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SDSU Imperial Valley Sciences and Engineering Laboratories Providing Essential Opportunities for Students

 |  Building, Education

Imperial County is tucked in the southeast corner of California, bordering Arizona and Mexico. With a population of just under 180,000, it’s the least populous county in Southern California, and is home to the Salton Sea, an unintentional byproduct of efforts to reroute the Colorado River in the 1920s. 

Underneath the nearly dried-up Salton Sea is one of the world’s biggest deposits of lithium, critical in manufacturing batteries for electric vehicles. For this reason, Imperial Valley is now colloquially known as “Lithium Valley.”

 

 

Among the sprawling alfalfa fields in Brawley, San Diego State University (SDSU) has a single stucco building that accommodates nursing and environmental health programs. However, the need for more educational facilities for students in Imperial Valley is pressing. Sundt began preconstruction efforts in 2023 for the new SDSU Imperial Valley Sciences and Engineering Laboratories —a new STEM facility in Brawley that will offer students cutting-edge opportunities close to home.

 

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“With an $80 million grant, directly from the Governor’s office, the collaborative-design build project came to Sundt with a minimal program, offering us the unique opportunity to determine the entire vision for the project,” said Sundt Preconstruction Project Manager and Imperial Valley native Christopher Sullivan.

An expansion to the existing SDSU Imperial Valley Brawley building, this project will provide a STEM research and instructional facility with lower- and upper-division teaching labs. It will also include interdisciplinary lecture spaces, faculty and administrative offices, research and research services space, core facilities with modern instruments, and mechanical, electrical and telecom support spaces.

The project furthers the University’s plans to significantly expand educational, research and economic development opportunities in Imperial County, and represents the university’s continued commitment to transforming the Valley, ensuring local students can earn an education and obtain leadership positions while living in the region.

 

“SDSU gave Sundt the budget, asked us to help select an architect and came up with options of varying possibilities that met their needs. We priced out options for SDSU, allowing them to review the various scenarios to help them understand where and how far the dollars go—something made possible by collaborative design-build.”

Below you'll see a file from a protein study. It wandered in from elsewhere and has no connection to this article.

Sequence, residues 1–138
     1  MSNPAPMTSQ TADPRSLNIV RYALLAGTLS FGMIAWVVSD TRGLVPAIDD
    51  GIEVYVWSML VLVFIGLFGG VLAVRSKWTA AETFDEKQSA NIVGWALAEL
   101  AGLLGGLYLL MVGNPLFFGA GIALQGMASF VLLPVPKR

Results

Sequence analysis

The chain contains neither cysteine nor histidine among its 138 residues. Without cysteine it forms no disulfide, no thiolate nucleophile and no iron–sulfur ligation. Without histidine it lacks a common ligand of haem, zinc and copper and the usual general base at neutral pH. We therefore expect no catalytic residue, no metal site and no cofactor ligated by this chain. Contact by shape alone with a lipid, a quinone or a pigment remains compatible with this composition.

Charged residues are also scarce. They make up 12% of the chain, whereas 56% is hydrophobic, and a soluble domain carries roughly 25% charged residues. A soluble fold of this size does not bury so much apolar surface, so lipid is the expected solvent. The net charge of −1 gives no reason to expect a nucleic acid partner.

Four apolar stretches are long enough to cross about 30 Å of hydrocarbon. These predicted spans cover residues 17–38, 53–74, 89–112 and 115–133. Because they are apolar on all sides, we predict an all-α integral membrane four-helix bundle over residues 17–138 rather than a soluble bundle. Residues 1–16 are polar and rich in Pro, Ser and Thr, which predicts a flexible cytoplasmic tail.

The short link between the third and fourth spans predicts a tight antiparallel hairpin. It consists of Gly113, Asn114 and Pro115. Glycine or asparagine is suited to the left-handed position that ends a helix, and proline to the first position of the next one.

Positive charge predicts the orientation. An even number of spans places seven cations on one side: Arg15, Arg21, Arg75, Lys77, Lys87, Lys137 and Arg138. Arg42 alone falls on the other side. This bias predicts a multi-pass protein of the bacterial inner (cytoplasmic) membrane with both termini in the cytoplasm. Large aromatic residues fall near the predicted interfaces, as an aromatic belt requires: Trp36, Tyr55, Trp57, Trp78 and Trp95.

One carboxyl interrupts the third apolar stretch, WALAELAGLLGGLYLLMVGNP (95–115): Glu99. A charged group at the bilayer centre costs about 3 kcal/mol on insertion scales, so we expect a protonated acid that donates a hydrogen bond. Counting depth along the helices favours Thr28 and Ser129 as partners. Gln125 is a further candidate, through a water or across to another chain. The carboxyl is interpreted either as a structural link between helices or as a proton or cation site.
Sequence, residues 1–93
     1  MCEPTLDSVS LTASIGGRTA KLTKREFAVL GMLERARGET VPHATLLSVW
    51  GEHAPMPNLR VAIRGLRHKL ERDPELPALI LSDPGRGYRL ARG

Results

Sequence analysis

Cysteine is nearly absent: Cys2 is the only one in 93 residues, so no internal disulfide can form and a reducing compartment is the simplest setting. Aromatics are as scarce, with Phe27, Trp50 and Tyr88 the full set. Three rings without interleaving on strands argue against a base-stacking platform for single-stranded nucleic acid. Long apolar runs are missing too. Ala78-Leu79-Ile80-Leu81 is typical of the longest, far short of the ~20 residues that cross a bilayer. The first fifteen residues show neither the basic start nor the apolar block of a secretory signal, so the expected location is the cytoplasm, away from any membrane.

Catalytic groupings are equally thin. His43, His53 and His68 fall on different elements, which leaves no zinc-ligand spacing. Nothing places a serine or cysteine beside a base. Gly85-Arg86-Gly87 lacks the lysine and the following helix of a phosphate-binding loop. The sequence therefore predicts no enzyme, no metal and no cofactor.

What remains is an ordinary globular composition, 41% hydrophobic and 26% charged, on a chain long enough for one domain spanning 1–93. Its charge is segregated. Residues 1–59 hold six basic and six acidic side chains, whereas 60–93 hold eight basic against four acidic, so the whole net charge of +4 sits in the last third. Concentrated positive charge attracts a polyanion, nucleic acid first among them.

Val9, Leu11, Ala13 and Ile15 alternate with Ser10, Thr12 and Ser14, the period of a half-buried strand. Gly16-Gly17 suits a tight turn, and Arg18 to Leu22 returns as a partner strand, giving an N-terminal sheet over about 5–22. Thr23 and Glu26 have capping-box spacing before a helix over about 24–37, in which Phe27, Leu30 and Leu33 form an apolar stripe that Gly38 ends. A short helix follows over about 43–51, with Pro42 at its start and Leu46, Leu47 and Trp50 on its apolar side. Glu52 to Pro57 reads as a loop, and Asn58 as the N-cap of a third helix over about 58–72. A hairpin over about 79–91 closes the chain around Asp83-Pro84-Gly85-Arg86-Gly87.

– Chris Sullivan, Preconstruction Project Manager

 

In the end, 70% of the building includes laboratory spaces, significantly more than standard —and much more costly. “Although it’s a smaller building, it’s jam-packed with high-tech spaces that will allow students to study and work, which is what the university and community needs. It’s one of the most expensive buildings per square-foot the university system has built.”

And, unlike building in a densely populated city, the entire county has become invested. “Everyone knows about the project, and everyone is hopeful about how this will begin to transform the Valley,” said Chris. “We had multiple community outreach events, intent on incorporating as many voices as possible.”

 

 

Overcoming Challenges

Working on a 200-acre alfalfa field in the middle of the desert posed unique preconstruction challenges, including the potential for burrowing owls, no gravity sewer line or storm drain, and arsenic in the soil. The California Environmental Quality Act requires environmental impacts to be as small as possible. The preconstruction team planned how to humanely relocate the owls close by, minimizing disruption to their natural habitat, and removed over seven feet of soil under the new building and brought in new conforming soil.

The team also developed a new forced main sewer system that pumps over two miles to connect to the existing Brawley sewer system. Additionally, they designed and built vegetative swales that will retain storm water runoff, which in turn provides the water needed to support a landscaped area that will be enjoyed by the campus community. The team worked closely with a local farmer to coordinate crop growing times and field irrigation so they could build without disturbing the growth of the alfalfa.

To meet the demands of a hard deadline and the challenge of building in the desert with limited resources, the team focused on “speed and durability,” Chris explained. “We did a deep dive analysis on what materials would create the most durable building, but still meet the budget and the project goals. In the end, we landed on tilt-up concrete panels, due to the speed at which we can put them up coupled with their ability to last.”

The most unique element of the preconstruction process, however, was the trust SDSU put in Sundt to help manage the budget and design a building that will serve the community and offer economic prosperity. “I’ve never worked on a project with that possibility, but the client recognized that Sundt could rise to the occasion,” said Chris. “I was born and raised in the area, and I can’t wait to see the building in action.”

The SDSU Imperial Valley Brawley Sciences and Engineering Laboratories building on February 9, 2024, and is slated to open in fall 2025.

Learn more about Sundt’s work in California.